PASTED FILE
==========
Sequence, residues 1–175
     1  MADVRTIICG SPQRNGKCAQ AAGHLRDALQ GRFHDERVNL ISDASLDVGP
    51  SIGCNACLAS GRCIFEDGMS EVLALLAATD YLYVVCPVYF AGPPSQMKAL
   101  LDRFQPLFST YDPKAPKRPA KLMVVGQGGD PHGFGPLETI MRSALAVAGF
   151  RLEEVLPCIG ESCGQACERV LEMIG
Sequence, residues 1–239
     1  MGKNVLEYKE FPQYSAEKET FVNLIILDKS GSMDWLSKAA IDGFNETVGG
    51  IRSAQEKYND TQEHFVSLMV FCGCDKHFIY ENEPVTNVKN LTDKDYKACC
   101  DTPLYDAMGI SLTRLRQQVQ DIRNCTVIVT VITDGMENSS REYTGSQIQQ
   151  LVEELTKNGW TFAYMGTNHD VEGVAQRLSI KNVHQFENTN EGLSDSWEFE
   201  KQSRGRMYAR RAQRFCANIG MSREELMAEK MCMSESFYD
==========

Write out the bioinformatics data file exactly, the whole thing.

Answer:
Sequence, residues 1–175
     1  MADVRTIICG SPQRNGKCAQ AAGHLRDALQ GRFHDERVNL ISDASLDVGP
    51  SIGCNACLAS GRCIFEDGMS EVLALLAATD YLYVVCPVYF AGPPSQMKAL
   101  LDRFQPLFST YDPKAPKRPA KLMVVGQGGD PHGFGPLETI MRSALAVAGF
   151  RLEEVLPCIG ESCGQACERV LEMIG
Sequence, residues 1–239
     1  MGKNVLEYKE FPQYSAEKET FVNLIILDKS GSMDWLSKAA IDGFNETVGG
    51  IRSAQEKYND TQEHFVSLMV FCGCDKHFIY ENEPVTNVKN LTDKDYKACC
   101  DTPLYDAMGI SLTRLRQQVQ DIRNCTVIVT VITDGMENSS REYTGSQIQQ
   151  LVEELTKNGW TFAYMGTNHD VEGVAQRLSI KNVHQFENTN EGLSDSWEFE
   201  KQSRGRMYAR RAQRFCANIG MSREELMAEK MCMSESFYD